As his financial portfolio grew, friends appealed to Andelson to support the fledgling gay causes that began to spring up around town. He contributed anonymously at first, but gradually began to donate larger amounts that attracted public attention. Eventually, he became one of the gay community's most dependable sources of money for political and social causes.
But it was a quiet activism. He recalled blushing when a judge called him to the bench in 1971 and asked Andelson why his name was on the letterhead of a new social service agency for gays.
"I went out of the courtroom in a sort of daze. I thought, 'What do I do now? The word is out!' " Andelson said.
Honored at Dinner
His personal landmark came in 1979, when he revealed his sexual orientation to his father. The Gay and Lesbian Community Services Center, a large social agency in Hollywood, honored him with a dinner, a flashy affair attended by Brown and Lillian Carter, mother of President Jimmy Carter.
From then on his public image was Sheldon Andelson, gay activist. But his interests were varied. He ran the Bank of Los Angeles until stepping down as chairman earlier this year because of the illness (he remained chairman of BKLA Bancorp, the holding company). He was a high-profile partner of Trumps, a trendy Melrose Avenue restaurant in West Hollywood, where Andelson once held a reception for the Rev. Jesse Jackson.
Andelson also was a member of the Anti-Defamation League of B'nai B'rith, a founder of the Museum of Contemporary Art in downtown Los Angeles, and a director of the ACLU Foundation. He served on a committee of the 1984 Olympic Games in Los Angeles.
Friends said Andelson seemed most tickled by his seemingly instant admission to the upper levels of American politics. He liked to recall, one friend said, the time he dined at the home of Sen. Claiborne Pell (D-R.I.) with five other U.S. senators while in Washington for the 1985 Reagan inauguration.
'My Golden Moment'
"I didn't start at the grass roots--I came in at the top," Andelson said in 1984, in a frank assessment of his beginnings as a political heavy-hitter. "With a little style and a little pizazz, I became very successful at fund-raising. I raised more money for Jerry Brown's Senate race--that was really my golden moment--than anyone in the state."
Brown had taken a big risk by appointing Andelson to the Board of Regents, traditionally one of the most prestigious posts that a governor of California has the power to fill.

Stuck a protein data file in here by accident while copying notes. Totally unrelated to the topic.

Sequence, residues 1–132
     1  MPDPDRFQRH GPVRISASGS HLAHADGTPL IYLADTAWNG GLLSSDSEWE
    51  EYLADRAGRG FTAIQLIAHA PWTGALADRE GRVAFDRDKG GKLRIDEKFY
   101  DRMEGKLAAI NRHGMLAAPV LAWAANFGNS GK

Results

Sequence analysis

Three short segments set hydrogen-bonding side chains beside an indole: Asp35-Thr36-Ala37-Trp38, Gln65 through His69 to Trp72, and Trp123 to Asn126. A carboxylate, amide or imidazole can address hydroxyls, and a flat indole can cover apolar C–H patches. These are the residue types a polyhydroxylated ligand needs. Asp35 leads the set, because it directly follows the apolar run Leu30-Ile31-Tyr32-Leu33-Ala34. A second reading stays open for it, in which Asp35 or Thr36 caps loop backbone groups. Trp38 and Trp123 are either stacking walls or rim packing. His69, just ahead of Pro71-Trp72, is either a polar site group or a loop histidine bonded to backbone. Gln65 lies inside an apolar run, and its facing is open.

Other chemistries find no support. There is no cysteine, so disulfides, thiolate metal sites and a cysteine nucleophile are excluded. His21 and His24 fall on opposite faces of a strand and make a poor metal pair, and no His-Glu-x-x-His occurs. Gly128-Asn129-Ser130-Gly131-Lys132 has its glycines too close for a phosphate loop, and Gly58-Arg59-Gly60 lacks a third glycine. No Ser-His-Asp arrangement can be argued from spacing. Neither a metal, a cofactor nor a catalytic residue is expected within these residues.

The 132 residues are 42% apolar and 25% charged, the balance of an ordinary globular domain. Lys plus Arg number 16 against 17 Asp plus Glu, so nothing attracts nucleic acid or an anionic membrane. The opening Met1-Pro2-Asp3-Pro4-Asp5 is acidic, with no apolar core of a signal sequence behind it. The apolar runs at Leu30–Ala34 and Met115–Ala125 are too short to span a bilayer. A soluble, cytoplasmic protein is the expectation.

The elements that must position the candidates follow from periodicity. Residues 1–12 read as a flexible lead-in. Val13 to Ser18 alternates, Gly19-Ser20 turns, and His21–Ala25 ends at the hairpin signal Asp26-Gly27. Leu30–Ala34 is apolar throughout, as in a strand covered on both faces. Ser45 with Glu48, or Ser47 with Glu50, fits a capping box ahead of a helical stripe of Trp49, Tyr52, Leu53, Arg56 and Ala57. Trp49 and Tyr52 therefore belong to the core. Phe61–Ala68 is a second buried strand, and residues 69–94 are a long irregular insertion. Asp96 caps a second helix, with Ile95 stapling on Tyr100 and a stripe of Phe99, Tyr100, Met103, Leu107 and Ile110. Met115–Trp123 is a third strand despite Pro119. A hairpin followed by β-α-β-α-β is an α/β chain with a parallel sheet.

A nasty confirmation battle ensued, with state Sen. H.L. Richardson (R-Glendora) denouncing Andelson on the floor of the Senate as "a guy in the education world who has been pushing sick ideas and sick influences on the community."
Andelson eventually won confirmation with no votes to spare, but only after transfering his ownership of a popular gay bathhouse on West 3rd Street in Los Angeles to a business partner.
Friends said later that the bathhouse, while highly profitable, proved to be a major embarrassment, especially as research suggested that the AIDS virus was being spread by promiscuous sexual relations then common at gay baths. The bathhouse finally closed as AIDS scared off clientele.
Only One Contribution
Andelson withdrew more and more the past year, friends said. He made only a small contribution to the campaign that defeated the Lyndon LaRouche AIDS initiative in 1986, although the campaign became a cause celebre in the gay community.
The family announced that a memorial service will be held Jan. 10 at 11 a.m. at Royce Hall on the UCLA campus.
A private interment will be held for family members. In lieu of flowers, the family asked that donations go to the American Foundation for AIDS Research, where Andelson was a co-chair.
Andelson is survived by his father, Al Horwitz of Chicago, two brothers, Sherman and Arlen, who live in Los Angeles, a sister, Jaimee Levin, in Illinois, and six nieces and nephews.